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A State Supreme Court justice has dismissed civil charges against the Town of Amherst, ruling there is no proof the town caused the "dangerous condition" on Niagara Falls Boulevard that led to the deaths of three teenagers in a 2001 auto accident.

Overturning an earlier ruling he made in the case, Justice Frank A. Sedita Jr. released the town from all liability in the deaths of Christopher Rogalski, Charlene Sewar and Amy DiNatale, all 16-year-old friends from Sweet Home High School. A fourth companion, James McCabe, 17, was severely injured.

Amherst Town Attorney E. Thomas Jones announced the decision Monday during a meeting with Town Board members.

"It was a tragic and unfortunate accident, but the ruling is a solid legal opinion," Jones said following the meeting. Barring an unexpected reversal of the ruling by a higher court, the town will no longer be a party in the case, Jones said.

Asked about the ruling, attorney Joel B. Schechter, who represents the McCabe family, said, "It's disappointing but the law has some very strict requirements when it comes to suing towns."

Jones had repeatedly argued that the town was not liable for the accident because it never received notice that sidewalks in the area of the accident were covered with mounds of snow and ice.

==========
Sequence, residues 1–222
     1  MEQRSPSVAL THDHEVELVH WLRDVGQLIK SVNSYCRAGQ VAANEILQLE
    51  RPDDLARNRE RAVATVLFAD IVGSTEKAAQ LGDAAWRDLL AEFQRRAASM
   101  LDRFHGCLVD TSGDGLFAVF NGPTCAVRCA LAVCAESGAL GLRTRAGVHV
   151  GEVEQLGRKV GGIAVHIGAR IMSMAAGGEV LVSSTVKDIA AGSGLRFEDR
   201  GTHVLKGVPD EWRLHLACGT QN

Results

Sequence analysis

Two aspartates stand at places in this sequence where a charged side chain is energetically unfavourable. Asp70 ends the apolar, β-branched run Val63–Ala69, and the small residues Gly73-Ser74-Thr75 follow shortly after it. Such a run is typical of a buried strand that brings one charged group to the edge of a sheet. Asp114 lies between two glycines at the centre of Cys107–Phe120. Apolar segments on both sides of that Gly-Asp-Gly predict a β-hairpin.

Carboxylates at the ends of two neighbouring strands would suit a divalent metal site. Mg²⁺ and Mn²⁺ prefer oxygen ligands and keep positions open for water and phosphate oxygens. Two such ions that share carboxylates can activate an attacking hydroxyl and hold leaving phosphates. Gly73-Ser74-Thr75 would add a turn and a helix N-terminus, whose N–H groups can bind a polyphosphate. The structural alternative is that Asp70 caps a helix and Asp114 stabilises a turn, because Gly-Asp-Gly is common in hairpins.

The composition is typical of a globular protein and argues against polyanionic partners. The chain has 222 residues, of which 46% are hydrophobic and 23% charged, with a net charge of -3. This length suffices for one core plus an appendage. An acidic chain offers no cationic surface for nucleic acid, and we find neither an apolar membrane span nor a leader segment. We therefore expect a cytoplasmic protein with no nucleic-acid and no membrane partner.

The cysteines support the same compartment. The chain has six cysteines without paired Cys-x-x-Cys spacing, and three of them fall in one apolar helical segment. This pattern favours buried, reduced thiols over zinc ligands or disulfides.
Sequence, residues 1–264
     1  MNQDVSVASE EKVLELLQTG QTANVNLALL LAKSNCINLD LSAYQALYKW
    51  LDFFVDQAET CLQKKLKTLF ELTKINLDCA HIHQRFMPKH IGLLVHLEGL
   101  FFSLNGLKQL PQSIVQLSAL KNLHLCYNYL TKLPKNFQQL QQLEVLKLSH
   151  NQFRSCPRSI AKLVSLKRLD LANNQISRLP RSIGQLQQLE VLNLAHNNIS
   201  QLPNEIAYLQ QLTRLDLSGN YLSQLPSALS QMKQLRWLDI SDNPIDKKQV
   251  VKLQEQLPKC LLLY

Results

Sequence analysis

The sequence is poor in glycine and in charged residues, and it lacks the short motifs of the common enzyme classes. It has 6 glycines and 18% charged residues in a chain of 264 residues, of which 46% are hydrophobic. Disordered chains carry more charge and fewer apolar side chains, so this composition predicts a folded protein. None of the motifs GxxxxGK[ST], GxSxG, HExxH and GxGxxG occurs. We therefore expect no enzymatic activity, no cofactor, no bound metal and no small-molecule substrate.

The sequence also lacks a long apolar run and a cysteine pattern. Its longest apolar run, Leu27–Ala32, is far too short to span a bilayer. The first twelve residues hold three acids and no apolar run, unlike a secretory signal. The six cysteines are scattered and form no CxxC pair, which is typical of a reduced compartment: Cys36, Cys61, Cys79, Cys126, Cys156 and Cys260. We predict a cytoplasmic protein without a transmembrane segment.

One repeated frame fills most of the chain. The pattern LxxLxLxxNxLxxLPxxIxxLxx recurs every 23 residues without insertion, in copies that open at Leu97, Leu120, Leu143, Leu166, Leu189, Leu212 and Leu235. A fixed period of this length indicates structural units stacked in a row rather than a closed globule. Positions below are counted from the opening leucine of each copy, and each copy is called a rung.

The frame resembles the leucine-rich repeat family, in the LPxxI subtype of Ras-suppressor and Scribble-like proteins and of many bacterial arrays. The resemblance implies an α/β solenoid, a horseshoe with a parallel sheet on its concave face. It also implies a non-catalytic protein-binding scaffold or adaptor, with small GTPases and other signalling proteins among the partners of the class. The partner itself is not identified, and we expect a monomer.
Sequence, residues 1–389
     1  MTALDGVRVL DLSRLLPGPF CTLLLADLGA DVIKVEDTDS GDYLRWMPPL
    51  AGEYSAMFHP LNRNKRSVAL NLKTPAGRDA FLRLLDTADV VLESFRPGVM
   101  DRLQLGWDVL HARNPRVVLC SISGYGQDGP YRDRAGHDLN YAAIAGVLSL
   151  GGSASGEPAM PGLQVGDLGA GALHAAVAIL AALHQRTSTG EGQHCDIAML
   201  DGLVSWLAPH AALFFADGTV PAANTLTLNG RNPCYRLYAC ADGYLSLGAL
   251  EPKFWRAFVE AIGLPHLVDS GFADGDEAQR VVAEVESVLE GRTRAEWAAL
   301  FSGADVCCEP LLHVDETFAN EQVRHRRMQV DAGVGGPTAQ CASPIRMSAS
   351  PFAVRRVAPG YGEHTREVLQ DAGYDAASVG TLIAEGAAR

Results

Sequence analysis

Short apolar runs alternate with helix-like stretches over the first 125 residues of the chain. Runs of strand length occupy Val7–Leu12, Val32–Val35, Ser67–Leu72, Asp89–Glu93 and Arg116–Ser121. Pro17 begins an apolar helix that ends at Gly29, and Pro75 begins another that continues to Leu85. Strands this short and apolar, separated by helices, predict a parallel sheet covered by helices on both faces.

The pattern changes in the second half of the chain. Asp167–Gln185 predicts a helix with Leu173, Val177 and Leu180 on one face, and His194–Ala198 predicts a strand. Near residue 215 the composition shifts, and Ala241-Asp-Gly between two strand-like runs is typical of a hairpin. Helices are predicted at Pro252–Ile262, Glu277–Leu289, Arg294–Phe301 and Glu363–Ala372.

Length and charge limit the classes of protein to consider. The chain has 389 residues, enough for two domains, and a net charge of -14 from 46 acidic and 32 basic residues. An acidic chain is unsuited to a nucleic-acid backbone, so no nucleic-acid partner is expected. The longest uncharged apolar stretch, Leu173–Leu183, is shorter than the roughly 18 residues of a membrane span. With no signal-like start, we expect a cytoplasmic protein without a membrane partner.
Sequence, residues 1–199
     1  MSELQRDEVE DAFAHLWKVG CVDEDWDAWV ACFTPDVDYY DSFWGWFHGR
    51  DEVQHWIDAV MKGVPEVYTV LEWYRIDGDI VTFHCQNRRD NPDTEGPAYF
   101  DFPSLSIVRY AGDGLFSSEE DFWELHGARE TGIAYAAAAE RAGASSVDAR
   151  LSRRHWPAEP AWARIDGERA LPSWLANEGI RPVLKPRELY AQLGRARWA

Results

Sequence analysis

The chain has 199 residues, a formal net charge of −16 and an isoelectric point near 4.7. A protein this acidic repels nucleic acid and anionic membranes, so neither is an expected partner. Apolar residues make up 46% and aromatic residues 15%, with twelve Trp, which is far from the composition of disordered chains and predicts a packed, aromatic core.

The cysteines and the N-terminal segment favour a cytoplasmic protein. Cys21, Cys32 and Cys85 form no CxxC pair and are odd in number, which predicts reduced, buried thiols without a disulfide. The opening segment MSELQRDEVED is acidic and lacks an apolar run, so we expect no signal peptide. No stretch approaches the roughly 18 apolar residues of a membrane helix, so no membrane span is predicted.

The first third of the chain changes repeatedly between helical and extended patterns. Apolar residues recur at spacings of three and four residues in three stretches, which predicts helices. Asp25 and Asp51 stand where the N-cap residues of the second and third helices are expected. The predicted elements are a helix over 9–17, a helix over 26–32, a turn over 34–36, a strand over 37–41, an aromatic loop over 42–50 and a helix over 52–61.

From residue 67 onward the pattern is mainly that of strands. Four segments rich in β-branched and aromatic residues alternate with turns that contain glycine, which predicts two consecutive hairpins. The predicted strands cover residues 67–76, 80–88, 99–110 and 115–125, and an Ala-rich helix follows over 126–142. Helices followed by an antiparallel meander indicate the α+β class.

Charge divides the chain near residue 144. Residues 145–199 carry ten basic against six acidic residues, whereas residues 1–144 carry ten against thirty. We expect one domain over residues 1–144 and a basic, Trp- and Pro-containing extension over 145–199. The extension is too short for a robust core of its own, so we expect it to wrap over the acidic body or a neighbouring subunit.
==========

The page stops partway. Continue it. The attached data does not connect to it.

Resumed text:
The four teens were struck about 9:20 p.m. by a vehicle driven by Jeffrey W. Kramer, of Cheektowaga, as they walked south along the northbound lanes of the boulevard near Hennepin Road. According to police, the youths were walking in the roadway because of a heavy buildup of snow on sidewalks in the area.

A Town of Amherst judge convicted Kramer in 2002 of a single noncriminal traffic charge of failing to exercise due care.

Sedita's ruling reduces the number of defendants in the case to six, including Kramer. Other defendants are: Carstar Collision of Amherst, 2753 Niagara Falls Blvd.; and the owners of the property, Michael F. and Jean L. Graziadei; and the owners of the property at 2733 Niagara Falls Blvd., Monica Frankish and Wei Tsu Wang.

The original suit charged 10 Niagara Falls Boulevard property owners and businesses with failing to maintain sidewalks. Amherst was charged with failing to enforce town laws calling for walks to be free of ice and snow.

Following a 2002 court hearing, Sedita ruled that the town would not be dismissed from the case and must answer plaintiffs' claims that it was negligent in failing to enforce its ordinances.

According to Sedita, a "zone of danger" was created when property owners failed to clear ice and snow from sidewalks, forcing the four teens to make their way in the street.

However, last week, Sedita reversed his earlier decision, ruling that there was no proof the plaintiffs had complied with the town's requirement calling for prior written notice that sidewalks were dangerous or defective.

In addition, Sedita said, there was an "absence of proof that the town caused or created the dangerous condition" leading to the accident.


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